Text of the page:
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Implant replacement in the upper lateral maxillary area with Magnetic Mallet
Posted on 07.07.2022 06:34 AM By Francisco Marchesani In Implants
An implant replacement in the upper lateral maxillary area is needed in a 45-year-old female patient, ASA I, since the patient already had a failed reconstruction surgery. Bone loss is observed vertically and horizontally.
Maxillary GBR associated with maxillary split and osseodensification is performed using inserts for expansion and bone densification with the Magnetic Mallet. Then the stabilization of implants is followed with the use of a slow reabsorption collagen membrane, thus carrying out an implant replacement in the upper lateral maxillary area.
Any observations on how the surgery was performed?
Holly Brown says on 07.24.2022 09:18 AM
Recovery from this procedure is typically quick, and patients can expect to see a noticeable improvement in the appearance of their smile.
Adam Parker says on 08.05.2022 10:48 AM
Dental implants are devices that serve as false, or replacement teeth use to restore the appearance and function of your normal smile. Although implants are most commonly used to replace a single tooth, they can also function anchors for more complete restorations like dental bridges.
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James Nolen says on 01.21.2023 02:47 AM
The proposed surgery to replace the implant in the upper lateral maxillary area sounds like a complex procedure that involves multiple steps to address the bone loss that is present both vertically and horizontally. The use of a guided bone regeneration (GBR) procedure in combination with a maxillary split and osseodensification using inserts for expansion and densification with a Magnetic Mallet is a well-established technique for addressing vertical and horizontal bone loss in the maxilla.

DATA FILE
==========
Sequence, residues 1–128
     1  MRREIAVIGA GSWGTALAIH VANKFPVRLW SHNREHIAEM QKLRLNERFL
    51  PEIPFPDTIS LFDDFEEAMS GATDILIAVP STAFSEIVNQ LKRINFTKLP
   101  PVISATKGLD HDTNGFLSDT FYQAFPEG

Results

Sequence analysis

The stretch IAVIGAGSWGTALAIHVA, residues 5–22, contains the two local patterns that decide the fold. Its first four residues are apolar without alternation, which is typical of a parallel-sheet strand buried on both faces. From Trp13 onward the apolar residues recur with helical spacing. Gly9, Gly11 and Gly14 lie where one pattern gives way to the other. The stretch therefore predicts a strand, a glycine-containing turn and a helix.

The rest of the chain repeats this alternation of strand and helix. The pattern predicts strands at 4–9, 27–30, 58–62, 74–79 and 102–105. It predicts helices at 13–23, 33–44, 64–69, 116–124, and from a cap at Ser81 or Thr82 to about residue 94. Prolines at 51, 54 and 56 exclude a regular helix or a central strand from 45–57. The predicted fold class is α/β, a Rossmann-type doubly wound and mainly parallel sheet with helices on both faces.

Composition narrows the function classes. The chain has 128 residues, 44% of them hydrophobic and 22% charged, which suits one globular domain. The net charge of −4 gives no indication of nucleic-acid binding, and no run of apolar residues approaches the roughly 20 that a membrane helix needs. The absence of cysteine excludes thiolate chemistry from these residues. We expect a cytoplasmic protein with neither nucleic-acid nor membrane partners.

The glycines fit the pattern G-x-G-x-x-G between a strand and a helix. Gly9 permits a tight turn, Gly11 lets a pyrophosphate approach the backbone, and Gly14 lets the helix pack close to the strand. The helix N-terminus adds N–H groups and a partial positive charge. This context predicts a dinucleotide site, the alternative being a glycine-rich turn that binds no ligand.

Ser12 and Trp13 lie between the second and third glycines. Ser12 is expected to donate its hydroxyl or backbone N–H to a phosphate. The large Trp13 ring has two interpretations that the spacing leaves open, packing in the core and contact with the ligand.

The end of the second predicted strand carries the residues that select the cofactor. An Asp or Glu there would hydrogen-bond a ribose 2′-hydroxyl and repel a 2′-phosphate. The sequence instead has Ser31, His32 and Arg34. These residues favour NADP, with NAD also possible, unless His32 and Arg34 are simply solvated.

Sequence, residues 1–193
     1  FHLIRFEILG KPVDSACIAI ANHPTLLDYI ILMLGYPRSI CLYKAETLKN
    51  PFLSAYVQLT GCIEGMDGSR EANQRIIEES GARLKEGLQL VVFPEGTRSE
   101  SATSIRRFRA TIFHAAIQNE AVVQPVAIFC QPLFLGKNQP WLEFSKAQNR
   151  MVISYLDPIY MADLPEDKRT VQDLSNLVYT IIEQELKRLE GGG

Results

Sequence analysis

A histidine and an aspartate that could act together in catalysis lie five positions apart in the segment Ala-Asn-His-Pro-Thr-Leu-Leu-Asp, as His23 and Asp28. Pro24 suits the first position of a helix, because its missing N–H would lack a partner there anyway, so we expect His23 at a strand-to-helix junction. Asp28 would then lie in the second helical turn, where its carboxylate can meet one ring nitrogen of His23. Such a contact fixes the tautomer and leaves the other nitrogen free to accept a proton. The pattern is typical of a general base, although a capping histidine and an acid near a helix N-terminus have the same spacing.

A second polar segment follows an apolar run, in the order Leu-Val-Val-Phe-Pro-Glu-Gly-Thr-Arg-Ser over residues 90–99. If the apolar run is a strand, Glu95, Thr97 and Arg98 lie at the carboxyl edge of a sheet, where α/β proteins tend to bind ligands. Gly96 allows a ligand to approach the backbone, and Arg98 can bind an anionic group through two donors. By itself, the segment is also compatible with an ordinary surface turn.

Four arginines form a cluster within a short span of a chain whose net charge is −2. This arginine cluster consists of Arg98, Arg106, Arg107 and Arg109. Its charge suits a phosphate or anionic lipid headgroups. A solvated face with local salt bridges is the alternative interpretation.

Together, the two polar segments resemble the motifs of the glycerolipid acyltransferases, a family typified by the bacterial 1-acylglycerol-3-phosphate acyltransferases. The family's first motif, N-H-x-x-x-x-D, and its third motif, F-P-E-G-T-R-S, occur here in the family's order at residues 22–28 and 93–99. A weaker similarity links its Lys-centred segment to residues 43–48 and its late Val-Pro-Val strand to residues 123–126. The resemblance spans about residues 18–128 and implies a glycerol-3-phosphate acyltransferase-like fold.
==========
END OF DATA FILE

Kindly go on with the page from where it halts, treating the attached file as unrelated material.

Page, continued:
The use of a slow resorption collagen membrane to stabilize the implants is also a commonly used technique in implant dentistry. This type of membrane helps to maintain the space for the regenerated bone and reduces the risk of collapse of the newly regenerated bone.
It is worth noting that GBR procedures, especially when associated with maxillary splits, are technically challenging, and the outcome can be unpredictable and may have a high rate of complications. A thorough preoperative assessment, including 3D imaging and careful treatment planning, can help to increase the chances of success. Additionally, the use of osseodensification techniques like the Magnetic Mallet may be a good alternative to increase the primary stability of the implant and the predictability of the outcome.
It is also important to mention that the use of a slow resorption collagen membrane is only one option, other alternatives are available in the market such as xenografts, allografts, or biological membranes, and the choice of membrane will depend on the clinical situation, surgeon preference and protocol, and the healing characteristics of the patient.